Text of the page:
Given this long and complex history, it’s a surprise to find that the book is so readable, and so nearly complete. Perhaps it was never finished because the strain of being known as one of the finest prose stylists of his generation proved too much for Leigh Fermor’s perfectionism.
The opening chapter, on Hebel, is the most forceful, a piece of historical criticism conducted entirely from the armchair (not a seagull in sight).
Intensity, as well as Anna's voice, make reading this book a challenging but ultimately uplifting experience.
The War that Ended Peace by Margaret MacMillan, one of the most recognized and respected historians in the English-speaking world, comes with much expectation...She draws together the divergent threads that motivated the decision makers in the lead-up to war.
What makes reading this new biography so provocative are the similarities between the challenges faced by the Qing court a century ago and those confronting the Chinese Communist Party today.
...drone pilots take no risks, a fact that will undoubtedly make the subjects of Holmes's book seem all the more glamorous and admirable in their pursuit of knowledge, fame, fortune, military superiority or sheer excitement.
Amsterdam is worth buying for chapter four alone: a superb, gruesome account of the early years of the East India Company...Shorto ends by discussing multiculturalism and the new threats it presents to the city's long-cultivated civilised indifference.
There’s the Yugoslavian janitor who studied for 12 years to earn his classics degree...There’s no judgment, just observation and in many cases reverence, making for an inspiring reading and visual experience.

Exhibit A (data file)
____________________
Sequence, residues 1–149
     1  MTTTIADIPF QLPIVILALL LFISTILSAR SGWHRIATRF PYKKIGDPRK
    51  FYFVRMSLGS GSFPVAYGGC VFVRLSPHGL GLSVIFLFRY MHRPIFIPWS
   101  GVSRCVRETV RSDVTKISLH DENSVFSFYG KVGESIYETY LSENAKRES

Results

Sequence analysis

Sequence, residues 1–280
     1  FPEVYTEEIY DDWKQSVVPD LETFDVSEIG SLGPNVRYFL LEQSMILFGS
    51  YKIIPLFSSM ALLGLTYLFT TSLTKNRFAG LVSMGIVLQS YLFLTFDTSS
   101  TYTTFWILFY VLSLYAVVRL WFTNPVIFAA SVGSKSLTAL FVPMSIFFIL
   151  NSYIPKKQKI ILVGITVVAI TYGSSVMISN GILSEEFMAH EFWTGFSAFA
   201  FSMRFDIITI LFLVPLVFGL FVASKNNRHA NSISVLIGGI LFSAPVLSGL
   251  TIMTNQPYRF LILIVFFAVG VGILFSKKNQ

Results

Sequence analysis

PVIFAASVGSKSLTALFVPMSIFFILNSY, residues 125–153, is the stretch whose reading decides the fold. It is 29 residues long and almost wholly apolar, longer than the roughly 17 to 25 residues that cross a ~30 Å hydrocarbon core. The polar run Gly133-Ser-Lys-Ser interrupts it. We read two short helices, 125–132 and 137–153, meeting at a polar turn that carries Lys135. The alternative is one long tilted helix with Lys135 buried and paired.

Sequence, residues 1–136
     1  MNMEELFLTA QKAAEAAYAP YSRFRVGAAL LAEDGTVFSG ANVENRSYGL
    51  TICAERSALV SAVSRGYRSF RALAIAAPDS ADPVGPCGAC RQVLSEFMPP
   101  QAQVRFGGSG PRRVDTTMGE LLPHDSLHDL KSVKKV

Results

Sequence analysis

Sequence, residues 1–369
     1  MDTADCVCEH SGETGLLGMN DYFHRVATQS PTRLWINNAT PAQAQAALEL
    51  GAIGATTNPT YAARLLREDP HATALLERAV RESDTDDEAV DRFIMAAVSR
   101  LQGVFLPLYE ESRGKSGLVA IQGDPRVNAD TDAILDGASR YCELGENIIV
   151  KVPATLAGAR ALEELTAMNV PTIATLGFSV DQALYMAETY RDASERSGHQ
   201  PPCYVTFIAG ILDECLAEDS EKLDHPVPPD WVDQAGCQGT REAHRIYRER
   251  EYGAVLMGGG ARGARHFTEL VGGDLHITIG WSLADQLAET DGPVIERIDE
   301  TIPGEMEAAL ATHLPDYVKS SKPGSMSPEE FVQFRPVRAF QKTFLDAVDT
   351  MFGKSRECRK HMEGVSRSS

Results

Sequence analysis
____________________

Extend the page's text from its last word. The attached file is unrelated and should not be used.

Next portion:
Tesson’s engaging book, winner of the Prix Médicis for nonfiction and skillfully translated by Linda Coverdale, is “the journal of a hermit’s life,” one in which Tesson candidly records his rich experiences and reveals his equally illuminating self-discoveries.
“Catastrophe 1914” brilliantly shows how, within its first few months, World War I came to assume the dispiriting and bloody form it would hold for the next four years.
This excellent book is horrific but essential reading for all who want to understand the darkness that lies at the heart of one of the world's most important revolutions.
Professor Showalter did what any good historian would have done: read the secondary sources, met and spoke with survivors, mastered the pertinent original documents, and cogitated upon the whole, producing a work accessible to both the professional and the casual reader alike.
A compelling, instructive account regarding education in America, where the arguments have become “so nasty, provincial, and redundant that they no longer lead anywhere worth going."
Gezari eschews humor but delivers a gripping report on another of America’s painful, surprisingly difficult efforts to win hearts and minds.
The book’s broader achievement is that it reveals the incompetence and deceit of Lawrence’s British superiors in shaping the postwar Middle East. It also offers a revealing account of other British agents and those from the United States and Germany in the remarkable events of the period.
...both the journey and the cuisine is worth discovering, especially to those fond of culinary travelogues.
The Great Tamasha tells a fascinating story well. Anyone interested in India, or cricket, and most certainly both, will enjoy it very much.
Although, unlike Alan Johnson's new memoir of the same period, this narrative never quite conveys the brutish conditions inside slums designated for clearance...
Over all...this is an enterprising, lively and original work, full of striking cameos and fresh insights.
A solid blend of the descriptive and the prescriptive, with plenty of lessons that will be of interest to Asia hands, investors and policymakers.